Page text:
Simplifying Application Delivery with Containers

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In my last post, I mentioned that a good use case for containers is managing application deployments.  I’m going to go a step further here and state that containers are the next evolution of application packaging and application run time separation.

Packaging in the time of Docker

In the beginning, an application was created from code dumped into file system locations by highly sophisticated mechanisms like copy and paste.  The operating system had utilities to generate the executable binary and provide the operational environment.  There was some separation of responsibility, while the application knew how to interact with the operating system, it was primarily the job of the operating system to handle things like devices.  Perhaps, the application included some other reusable code, delivered as a library in the same sophisticate copy / paste means.  Any changes to the operating system or application caused the need to rebuild everything.

The next advance in application packaging was “the archive”, long live tarballs!  This made the exact transcription of an application’s code to another system easier.  The creation of common executable formats also made it possible to move a binary built on one system to another (identical) system.  The code still was generally carried along, in case there were some unaccounted for differences.  Here starts the ideas of application packaging.

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We can zip through the years to the “packaging wars” of Linux, Java, and other platforms and languages.  What we see as a common thread is an increase in what needs to be packaged with “the application”: creating of ways to track dependencies, creation of frameworks to provide dependencies, etc.  We see larger definitions of “the application”, since we now need not just the developer’s code, but the supporting libraries taken into account.  Middleware frameworks are created to increase re-usability and reduce duplication while providing a way to run more applications concurrently.  Build systems can track, compose, and deliver complete artifacts.  We still have some dependencies on the operating environment, but those are providing common structures and highly desirable features like ABI guarantees within major versions.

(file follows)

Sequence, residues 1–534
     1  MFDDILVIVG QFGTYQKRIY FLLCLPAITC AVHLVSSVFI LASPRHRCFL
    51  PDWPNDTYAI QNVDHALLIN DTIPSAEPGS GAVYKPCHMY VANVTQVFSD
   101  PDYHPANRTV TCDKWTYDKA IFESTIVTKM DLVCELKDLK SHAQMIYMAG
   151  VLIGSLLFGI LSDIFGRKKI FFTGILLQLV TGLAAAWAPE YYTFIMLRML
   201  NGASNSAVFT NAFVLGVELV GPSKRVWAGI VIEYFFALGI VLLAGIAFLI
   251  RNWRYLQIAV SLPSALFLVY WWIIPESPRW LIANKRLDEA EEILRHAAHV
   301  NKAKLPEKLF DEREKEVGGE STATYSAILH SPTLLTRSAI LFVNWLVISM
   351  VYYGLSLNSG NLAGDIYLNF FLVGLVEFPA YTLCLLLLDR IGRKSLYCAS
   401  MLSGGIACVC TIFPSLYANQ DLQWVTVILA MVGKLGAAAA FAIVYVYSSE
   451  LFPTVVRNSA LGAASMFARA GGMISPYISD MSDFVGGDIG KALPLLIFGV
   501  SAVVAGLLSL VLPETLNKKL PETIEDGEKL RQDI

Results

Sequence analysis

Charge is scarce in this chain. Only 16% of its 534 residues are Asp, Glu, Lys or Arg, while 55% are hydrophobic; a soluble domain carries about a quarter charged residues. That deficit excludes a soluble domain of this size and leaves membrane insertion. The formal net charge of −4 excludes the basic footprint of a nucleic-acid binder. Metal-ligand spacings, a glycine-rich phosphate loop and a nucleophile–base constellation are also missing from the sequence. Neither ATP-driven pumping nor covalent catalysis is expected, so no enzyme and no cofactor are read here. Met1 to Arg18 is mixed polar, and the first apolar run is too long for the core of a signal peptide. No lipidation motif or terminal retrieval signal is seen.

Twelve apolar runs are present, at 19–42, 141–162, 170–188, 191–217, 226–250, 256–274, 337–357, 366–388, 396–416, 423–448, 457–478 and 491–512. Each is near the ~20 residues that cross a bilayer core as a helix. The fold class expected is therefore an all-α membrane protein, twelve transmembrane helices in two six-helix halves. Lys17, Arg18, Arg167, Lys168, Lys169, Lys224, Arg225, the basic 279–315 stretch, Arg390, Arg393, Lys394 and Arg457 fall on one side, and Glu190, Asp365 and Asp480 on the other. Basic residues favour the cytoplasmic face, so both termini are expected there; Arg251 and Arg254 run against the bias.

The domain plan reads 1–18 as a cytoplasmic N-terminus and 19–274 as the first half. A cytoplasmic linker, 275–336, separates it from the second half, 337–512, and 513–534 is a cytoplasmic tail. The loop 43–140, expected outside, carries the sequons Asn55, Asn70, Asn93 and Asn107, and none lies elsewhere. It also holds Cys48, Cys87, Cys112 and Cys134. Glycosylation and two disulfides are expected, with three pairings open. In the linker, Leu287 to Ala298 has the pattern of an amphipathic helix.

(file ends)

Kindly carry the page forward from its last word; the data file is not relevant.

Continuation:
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As applications change, conflicts can arise in versions of dependencies.  Patches applied to frameworks can have unexpected side effects for some (but not all) hosted applications.  Our operating environments are software all the way down, so this is all inevitable.  Docker containers expand the boundaries of “the application” one more ring.  Using the model of a single application service in a container, we can create a PostgresDB application package that only depends on very specific, very common capabilities of an operating environment, for example running in a Fedora image on a RHEL 7 server.  Fedora uses a much newer kernel than RHEL, but since we can include the needed system level libraries in the container, our PostgresDB will still run as expected.  If we close the capabilities gap and run PostgresDB in a RHEL 7 container on RHEL 7 server, we can create a smaller container footprint as we don’t need to provide as many common resources.